This is not radical at all. Although Sanders is a democratic socialist, much of his rhetoric is really just that of an unrepentant New Deal liberal. He thinks government is a good, he supports the expanded use of government to help social conditions, and he believes that much of what federal officials do helps society. For too long, the conventional wisdom has argued mistakenly that Americans reject government. We are children of Ronald Reagan, they say, seeing government as a problem not the solution. Many Democrats have agreed and have worked hard to push the party to the center. Bill Clinton famously said in 1996 that the era of big government was over. But the Sanders campaign is on to something. Polls have consistently shown that Americans like government much more than the pundits suspect.When asked generally about government, Americans can be negative. But when asked about specific programs like Social Security or the minimum wage they jump with approval. If you listen to Sanders' speeches they often include a long list of things that government has and continues to do well. Though conservatives will argue this is radical, in many states, including red states, polls show something different. A Clinton strategy that simply relies on dismissing Sanders as left of center or quixotic won't work. His arguments don't match this image, and his ideas will continue to excite many Democratic voters.She will need to develop a more coherent and more compelling set of ideas that she can call her own. She ought to have learned that important lesson the first time she ran for the presidency against Barak Obama: A campaign based on the promise of "getting things done" will continue to be ineffective against a campaign about a set of powerful ideas, a "political revolution," that continues to make sense to large portions of the American electorate.

But there is another powerful reason why Bernie Sanders may become the next president of the US. It is the brilliant analysis of Thomas Piketty, whom many consider one of the most influential economic thinker economist of our times. He wrote an article for Le Monde which was subsequently republished in English by The Guardian. In this article Piketty explains why he is impressed by the rise of Senator Sanders. He outlines why in his opinion the ascent of the populist senator spells the virtual “end of the politico-ideological cycle begun by Ronal Regan in 1980. Even if he does not win, Sanders will have created a necessary opening for similar candidates in the future who could conceivably change the face of the country as now constituted.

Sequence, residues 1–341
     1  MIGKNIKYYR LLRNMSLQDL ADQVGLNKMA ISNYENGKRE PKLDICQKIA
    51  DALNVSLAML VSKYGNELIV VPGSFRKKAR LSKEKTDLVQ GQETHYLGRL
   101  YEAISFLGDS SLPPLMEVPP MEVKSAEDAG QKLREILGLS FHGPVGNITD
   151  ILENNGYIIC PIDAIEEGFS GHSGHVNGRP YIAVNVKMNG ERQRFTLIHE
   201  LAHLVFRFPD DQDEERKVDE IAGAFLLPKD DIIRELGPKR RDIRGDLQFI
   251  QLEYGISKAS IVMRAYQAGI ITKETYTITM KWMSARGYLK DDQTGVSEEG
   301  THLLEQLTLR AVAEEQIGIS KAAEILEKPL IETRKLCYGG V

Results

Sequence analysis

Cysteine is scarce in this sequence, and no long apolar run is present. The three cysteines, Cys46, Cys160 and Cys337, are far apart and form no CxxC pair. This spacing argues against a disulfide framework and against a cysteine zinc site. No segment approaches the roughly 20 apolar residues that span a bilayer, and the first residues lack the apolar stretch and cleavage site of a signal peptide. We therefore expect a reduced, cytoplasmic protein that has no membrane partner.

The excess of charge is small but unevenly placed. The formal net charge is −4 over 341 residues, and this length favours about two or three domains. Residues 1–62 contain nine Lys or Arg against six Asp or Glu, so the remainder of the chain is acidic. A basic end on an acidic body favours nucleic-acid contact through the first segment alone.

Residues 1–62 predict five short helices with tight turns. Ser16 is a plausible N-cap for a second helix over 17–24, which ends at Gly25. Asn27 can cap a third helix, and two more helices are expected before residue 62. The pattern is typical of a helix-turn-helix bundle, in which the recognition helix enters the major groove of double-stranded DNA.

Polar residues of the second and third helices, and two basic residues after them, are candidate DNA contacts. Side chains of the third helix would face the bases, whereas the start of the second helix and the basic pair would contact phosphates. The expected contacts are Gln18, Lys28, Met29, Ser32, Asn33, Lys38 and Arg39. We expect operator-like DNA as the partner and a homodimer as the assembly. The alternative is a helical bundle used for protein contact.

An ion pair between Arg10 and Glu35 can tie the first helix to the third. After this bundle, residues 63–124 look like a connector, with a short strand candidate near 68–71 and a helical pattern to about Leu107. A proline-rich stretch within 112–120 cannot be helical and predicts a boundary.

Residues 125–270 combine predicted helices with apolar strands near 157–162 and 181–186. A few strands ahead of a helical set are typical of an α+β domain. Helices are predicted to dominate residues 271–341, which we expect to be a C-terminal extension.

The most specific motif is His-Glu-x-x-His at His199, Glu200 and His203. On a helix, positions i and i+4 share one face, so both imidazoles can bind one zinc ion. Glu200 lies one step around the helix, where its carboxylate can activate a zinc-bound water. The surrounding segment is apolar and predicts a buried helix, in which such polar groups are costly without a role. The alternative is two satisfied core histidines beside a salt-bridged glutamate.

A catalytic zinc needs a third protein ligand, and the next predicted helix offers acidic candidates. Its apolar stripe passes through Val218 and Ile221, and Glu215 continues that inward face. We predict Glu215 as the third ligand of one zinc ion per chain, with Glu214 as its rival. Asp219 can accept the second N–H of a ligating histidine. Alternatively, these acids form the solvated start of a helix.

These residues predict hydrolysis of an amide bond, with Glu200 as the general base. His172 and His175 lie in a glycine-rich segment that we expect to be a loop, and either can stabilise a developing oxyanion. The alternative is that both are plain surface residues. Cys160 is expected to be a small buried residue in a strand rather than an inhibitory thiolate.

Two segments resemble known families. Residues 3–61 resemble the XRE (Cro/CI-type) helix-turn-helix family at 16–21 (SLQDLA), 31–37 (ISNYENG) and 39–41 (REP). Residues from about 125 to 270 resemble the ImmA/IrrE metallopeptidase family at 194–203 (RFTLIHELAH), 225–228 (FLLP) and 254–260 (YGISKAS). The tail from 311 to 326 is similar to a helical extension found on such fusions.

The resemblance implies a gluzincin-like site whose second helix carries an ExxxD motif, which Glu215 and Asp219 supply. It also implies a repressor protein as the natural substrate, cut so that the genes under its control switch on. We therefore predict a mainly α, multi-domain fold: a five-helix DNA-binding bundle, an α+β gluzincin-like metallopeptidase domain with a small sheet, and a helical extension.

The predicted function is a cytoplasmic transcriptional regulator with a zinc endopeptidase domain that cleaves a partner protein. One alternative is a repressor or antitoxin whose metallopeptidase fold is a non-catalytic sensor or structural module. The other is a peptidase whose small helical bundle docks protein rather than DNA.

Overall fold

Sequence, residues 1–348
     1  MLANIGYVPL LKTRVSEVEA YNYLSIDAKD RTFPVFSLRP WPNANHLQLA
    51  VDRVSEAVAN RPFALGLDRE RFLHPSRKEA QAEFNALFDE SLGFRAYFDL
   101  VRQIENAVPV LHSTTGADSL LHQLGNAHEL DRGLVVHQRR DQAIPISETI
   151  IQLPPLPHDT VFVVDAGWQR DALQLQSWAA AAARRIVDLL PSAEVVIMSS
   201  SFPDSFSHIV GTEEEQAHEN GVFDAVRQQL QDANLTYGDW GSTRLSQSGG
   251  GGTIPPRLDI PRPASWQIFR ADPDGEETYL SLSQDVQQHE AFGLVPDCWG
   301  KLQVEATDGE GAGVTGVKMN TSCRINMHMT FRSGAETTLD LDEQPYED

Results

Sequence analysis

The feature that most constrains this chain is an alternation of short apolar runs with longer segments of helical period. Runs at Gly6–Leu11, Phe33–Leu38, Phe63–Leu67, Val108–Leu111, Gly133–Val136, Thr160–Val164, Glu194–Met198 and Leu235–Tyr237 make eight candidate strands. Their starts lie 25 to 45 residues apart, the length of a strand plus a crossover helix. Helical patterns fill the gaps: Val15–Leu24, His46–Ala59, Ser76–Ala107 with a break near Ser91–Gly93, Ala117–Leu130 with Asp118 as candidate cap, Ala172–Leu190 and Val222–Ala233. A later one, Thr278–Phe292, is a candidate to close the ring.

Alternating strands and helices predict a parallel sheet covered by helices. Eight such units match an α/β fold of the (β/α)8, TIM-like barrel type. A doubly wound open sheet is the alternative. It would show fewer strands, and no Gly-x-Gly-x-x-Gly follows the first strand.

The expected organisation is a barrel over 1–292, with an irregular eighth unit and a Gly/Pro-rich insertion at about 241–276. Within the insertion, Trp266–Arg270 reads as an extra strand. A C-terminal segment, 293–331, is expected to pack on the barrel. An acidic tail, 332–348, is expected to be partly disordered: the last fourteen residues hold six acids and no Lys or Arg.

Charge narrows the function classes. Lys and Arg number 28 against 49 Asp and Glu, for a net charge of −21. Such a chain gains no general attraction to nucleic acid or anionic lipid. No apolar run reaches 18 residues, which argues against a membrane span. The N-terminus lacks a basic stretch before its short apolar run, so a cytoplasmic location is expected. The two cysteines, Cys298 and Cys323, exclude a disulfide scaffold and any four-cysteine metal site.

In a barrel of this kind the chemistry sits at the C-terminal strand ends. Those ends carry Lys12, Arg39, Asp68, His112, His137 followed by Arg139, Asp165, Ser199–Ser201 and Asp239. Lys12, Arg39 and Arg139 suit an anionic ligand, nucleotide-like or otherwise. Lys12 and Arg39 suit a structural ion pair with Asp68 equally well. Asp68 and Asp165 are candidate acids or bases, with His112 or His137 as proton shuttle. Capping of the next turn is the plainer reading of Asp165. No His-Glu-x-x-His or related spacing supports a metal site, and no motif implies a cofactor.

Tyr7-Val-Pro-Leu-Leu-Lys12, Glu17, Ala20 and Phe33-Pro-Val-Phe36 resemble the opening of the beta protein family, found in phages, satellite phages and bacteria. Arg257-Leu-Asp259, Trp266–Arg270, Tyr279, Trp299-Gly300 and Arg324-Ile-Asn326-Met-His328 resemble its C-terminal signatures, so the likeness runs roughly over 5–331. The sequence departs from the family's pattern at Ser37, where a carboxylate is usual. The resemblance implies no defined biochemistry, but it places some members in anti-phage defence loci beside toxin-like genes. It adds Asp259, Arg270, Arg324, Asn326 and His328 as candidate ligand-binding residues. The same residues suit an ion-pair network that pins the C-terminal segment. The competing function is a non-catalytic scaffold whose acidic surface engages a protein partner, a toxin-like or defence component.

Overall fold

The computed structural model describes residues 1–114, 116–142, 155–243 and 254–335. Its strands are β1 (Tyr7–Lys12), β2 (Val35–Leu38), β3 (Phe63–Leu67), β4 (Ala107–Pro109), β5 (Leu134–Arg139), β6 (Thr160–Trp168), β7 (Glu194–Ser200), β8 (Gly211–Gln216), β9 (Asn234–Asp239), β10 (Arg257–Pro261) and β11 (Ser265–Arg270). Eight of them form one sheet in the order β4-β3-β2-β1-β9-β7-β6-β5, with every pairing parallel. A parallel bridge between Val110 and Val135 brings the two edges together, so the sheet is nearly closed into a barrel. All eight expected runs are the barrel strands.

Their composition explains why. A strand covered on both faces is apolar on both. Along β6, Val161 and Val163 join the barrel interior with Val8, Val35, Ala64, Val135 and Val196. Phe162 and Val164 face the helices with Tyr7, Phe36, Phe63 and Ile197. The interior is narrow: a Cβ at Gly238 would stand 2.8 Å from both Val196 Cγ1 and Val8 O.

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What is particularly interesting in Piketty’s analysis is that he doesn't see Sanders as following in the footsteps of Europe's social democratic models, the Scandinavian countries being the best example, but rather leading the United States toward a possible return to the nation's pioneering 20th century experiments with extremely progressive taxation and social spending. Piketty points to the fact that, prior to Reagan, 20th century fiscal policy in the U.S. was aggressive in taxing the wealthy — much more so than the European counterparts that American leftists are so fond of looking to for inspiration today. He writes that "In the interwar years the country invented a highly progressive income and estate tax and set up levels of fiscal progressiveness never used on our side of the Atlantic. From 1930 to 1980 — for half a century – the rate for the highest U.S. income (over $1 million per year) was on average 82%, with peaks of 91% from the 1940s to 1960s (from Roosevelt to Kennedy), and still as high as 70% during Reagan's election in 1980." Those rates beat any taxation by any Scandinavia country. Without bringing in the scare tactics of Communism which are sure to be employed by Sander’s Republican opponents, it bears pointing out with Piketty that those rates were a tremendous help in creating social equality in America for the government to provide robust social programs (at first dubbed socialist) introduced during Roosevelt’s New Deal and Johnson’s Great Society. Moreover, estate taxes were established which were extremely steep and dwarfed rates in France and Germany. That all changed after Reagan won the White House. In a bid to "restore a mythical capitalism to have existed in the past," as Piketty put it, he took an axe to the tax code and lowered the rate for the highest incomes to 28%. 

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Since Reagan, the Democratic Party has largely operated within the paradigm carved out by Reagan: very high tax rates are somehow un-American; keeping the deficit low is of paramount importance even if children are poisoned by bad water; and spending on social services are worthwhile but should not be overly generous to prevent welfare queens to go shopping with food stamps in their cadillacs…. For Piketty, Clinton is "another heiress of the Reagan-Clinton-Obama political regime," while Sanders represents a meaningful break from it a return to a third way in between the archconservatives and the ultra-liberals. As Piketty writes "Sanders success today portends the fact that much of America is tired of rising inequality and these so-called political changes, and intends to revive both a progressive agenda and the American tradition of egalitarianism.”

While most of the media is busy covering the inanities and vulgarities of Donald Trump and him minions, a political revolution is going on which is being all but ignored and may ultimately surprise the political pundits too busy to attend to it. Meanwhile, it certainly provides some food for thought!